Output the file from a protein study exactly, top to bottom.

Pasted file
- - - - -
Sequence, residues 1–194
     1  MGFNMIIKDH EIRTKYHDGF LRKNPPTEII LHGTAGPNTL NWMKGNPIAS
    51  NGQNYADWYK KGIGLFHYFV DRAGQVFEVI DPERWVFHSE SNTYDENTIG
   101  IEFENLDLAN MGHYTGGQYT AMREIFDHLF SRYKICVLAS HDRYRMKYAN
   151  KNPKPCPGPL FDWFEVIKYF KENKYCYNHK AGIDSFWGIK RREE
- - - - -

Sequence, residues 1–194
     1  MGFNMIIKDH EIRTKYHDGF LRKNPPTEII LHGTAGPNTL NWMKGNPIAS
    51  NGQNYADWYK KGIGLFHYFV DRAGQVFEVI DPERWVFHSE SNTYDENTIG
   101  IEFENLDLAN MGHYTGGQYT AMREIFDHLF SRYKICVLAS HDRYRMKYAN
   151  KNPKPCPGPL FDWFEVIKYF KENKYCYNHK AGIDSFWGIK RREE